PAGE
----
Chaina's New Position as a great Power
Recognition of the Republic of China as one of the five great powers of the world carries with it the responsibility to maintain within the nation a strong and stable government. The government must be competent to enforce its laws, to protect Chinese sovereignty, and to play a dominant role in the preservation of peace throughout the Asiatic area.
Government stability in Free China is today challenged by a sizeable minority in the northwest. Communist China, a state with its own laws, currency and tax systems, political and military structures, stands in active opposition to the National government of Chiang Kai-shek. It is ready to take advantage of unpopular government measures to press its own case, to absorb dissident groups, and to conduct energetic campaigns of economic and social reform in the areas under its control.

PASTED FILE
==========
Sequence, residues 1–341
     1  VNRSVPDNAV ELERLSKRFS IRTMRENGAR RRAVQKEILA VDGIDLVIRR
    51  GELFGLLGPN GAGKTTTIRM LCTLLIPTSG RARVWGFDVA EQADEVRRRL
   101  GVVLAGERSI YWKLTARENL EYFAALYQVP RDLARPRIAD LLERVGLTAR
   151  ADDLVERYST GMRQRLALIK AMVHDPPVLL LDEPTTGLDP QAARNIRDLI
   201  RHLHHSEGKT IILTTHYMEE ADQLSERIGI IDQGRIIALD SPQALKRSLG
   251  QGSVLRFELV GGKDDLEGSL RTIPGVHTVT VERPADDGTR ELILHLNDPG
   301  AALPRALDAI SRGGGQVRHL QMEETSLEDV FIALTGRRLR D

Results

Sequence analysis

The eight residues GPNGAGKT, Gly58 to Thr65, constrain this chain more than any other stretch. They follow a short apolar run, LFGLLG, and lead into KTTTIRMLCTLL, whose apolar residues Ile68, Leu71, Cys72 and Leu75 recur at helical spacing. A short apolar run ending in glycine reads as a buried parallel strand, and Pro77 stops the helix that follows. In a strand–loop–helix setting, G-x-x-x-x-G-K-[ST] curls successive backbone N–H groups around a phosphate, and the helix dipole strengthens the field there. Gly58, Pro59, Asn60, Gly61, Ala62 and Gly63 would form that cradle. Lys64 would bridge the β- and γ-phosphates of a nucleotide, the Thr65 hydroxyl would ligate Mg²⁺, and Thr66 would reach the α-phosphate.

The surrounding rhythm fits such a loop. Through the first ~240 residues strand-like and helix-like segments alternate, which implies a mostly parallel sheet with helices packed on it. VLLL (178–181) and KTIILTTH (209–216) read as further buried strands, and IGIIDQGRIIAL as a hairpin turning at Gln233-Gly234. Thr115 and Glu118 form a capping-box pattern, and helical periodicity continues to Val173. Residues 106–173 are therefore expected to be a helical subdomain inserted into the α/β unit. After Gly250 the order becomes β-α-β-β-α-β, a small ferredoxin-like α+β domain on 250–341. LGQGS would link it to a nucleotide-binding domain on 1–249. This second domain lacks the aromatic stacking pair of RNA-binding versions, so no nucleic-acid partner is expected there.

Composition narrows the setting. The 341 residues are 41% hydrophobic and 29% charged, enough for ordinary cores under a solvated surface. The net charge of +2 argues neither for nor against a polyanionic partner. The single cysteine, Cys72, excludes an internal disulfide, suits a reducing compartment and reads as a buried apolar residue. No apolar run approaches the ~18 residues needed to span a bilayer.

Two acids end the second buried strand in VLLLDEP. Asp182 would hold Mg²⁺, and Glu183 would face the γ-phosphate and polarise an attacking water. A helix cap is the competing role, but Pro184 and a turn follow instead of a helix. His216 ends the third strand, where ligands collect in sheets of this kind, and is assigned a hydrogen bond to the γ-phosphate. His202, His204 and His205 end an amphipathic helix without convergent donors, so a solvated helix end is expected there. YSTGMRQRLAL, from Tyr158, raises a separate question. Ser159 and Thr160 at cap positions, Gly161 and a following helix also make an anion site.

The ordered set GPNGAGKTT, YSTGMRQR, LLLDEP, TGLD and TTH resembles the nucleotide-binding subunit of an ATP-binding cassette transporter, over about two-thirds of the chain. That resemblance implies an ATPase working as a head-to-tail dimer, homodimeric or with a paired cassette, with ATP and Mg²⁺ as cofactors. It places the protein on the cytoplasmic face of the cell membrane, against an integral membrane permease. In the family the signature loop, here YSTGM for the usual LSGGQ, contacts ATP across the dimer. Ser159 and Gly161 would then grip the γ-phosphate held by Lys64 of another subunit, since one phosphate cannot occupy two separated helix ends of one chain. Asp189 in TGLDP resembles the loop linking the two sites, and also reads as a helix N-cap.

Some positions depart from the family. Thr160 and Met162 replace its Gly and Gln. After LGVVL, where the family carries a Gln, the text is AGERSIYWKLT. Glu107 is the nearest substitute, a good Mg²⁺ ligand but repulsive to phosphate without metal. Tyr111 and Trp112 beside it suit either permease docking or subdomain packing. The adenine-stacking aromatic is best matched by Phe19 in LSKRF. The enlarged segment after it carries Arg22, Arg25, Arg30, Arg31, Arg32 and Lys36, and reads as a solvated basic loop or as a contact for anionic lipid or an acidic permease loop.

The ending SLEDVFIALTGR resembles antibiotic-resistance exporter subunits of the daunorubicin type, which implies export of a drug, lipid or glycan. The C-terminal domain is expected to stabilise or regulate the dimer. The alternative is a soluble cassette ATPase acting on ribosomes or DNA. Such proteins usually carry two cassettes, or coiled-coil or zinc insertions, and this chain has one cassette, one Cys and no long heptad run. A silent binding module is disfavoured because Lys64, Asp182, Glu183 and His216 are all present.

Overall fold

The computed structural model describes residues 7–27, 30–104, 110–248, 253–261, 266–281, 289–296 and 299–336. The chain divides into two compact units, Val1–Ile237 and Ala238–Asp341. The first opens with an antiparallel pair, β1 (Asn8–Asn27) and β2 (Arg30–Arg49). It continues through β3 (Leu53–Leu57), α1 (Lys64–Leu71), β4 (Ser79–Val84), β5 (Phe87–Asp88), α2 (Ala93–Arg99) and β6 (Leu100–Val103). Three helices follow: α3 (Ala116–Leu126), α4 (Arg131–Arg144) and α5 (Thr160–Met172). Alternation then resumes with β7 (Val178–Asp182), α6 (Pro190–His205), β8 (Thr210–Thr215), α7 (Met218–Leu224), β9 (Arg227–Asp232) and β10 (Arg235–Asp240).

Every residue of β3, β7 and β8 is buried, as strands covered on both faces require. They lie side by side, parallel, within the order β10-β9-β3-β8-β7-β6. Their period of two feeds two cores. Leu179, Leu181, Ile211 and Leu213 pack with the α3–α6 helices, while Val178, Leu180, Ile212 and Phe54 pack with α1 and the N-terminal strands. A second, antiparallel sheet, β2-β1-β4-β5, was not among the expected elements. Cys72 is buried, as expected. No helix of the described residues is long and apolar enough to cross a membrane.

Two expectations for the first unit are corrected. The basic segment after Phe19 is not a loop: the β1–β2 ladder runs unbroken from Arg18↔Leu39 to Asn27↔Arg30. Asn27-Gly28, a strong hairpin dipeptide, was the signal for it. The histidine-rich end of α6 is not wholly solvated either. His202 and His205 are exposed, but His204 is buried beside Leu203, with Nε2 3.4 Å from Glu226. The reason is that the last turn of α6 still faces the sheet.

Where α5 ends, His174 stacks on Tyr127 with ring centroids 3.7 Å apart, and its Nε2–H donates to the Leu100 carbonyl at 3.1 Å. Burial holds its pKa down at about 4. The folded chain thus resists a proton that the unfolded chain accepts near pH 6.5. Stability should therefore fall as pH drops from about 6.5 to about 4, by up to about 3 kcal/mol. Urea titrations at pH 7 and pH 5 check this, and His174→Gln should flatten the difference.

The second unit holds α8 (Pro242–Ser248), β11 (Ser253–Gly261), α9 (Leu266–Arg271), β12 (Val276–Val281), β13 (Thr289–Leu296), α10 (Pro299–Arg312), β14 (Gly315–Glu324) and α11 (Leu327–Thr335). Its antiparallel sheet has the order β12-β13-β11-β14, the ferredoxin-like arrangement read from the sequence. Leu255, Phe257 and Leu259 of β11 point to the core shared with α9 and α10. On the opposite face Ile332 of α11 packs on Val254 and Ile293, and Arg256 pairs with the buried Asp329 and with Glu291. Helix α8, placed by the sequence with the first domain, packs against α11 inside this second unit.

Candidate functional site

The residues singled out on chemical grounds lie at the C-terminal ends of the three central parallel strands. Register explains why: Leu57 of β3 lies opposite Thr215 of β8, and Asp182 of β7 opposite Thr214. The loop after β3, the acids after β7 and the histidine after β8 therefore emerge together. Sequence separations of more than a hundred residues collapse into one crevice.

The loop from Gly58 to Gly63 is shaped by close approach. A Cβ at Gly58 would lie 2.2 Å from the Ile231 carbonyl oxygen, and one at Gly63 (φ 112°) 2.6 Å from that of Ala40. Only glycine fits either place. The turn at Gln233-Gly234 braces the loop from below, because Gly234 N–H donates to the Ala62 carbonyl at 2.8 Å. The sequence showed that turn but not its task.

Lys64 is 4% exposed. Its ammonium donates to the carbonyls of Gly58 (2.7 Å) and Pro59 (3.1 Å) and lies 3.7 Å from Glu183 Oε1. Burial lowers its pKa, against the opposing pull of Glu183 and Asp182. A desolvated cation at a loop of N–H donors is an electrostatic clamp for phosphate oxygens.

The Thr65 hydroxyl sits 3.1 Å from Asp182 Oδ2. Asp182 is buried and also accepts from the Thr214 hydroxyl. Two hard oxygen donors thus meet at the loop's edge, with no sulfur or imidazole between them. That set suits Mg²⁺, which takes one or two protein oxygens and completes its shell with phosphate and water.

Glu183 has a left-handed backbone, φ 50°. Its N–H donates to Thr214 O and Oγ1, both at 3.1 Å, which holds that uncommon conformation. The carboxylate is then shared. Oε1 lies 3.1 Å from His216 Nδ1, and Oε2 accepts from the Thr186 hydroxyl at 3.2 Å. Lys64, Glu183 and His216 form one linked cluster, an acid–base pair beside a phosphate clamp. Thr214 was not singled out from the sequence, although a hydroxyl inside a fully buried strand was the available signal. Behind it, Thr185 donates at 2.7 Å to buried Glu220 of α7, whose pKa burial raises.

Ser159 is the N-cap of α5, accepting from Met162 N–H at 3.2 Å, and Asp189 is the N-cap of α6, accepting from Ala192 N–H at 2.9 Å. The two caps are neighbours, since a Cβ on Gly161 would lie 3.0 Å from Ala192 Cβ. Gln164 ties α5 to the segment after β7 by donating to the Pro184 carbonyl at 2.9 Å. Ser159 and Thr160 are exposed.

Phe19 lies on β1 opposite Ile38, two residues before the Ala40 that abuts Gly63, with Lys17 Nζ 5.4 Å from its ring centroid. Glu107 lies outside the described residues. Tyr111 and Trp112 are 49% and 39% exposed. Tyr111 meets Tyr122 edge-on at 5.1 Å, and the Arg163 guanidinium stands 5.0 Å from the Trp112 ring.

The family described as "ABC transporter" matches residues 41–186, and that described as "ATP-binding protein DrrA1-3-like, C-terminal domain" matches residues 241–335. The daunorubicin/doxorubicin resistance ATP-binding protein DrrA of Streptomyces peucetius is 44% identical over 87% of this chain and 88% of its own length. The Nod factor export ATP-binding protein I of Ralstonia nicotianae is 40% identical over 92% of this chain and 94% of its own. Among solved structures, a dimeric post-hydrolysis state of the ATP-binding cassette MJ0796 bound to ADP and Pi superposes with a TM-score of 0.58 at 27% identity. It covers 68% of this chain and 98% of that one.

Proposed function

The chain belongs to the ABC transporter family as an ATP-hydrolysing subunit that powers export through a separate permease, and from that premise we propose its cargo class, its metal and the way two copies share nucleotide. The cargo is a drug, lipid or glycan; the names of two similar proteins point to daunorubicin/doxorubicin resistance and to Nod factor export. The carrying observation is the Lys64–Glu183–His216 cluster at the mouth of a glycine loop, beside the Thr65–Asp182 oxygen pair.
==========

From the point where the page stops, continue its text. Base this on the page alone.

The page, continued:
Wartime difficulties and conservative influence within the Kuomintang (government party of China) have slowed the progress of reform under the Nationalist government. The prospect of an early coalescence of the two political groups is slight, and one experienced observer of Chinese affairs has gone so far as to say that “civil war now seems inevitable.”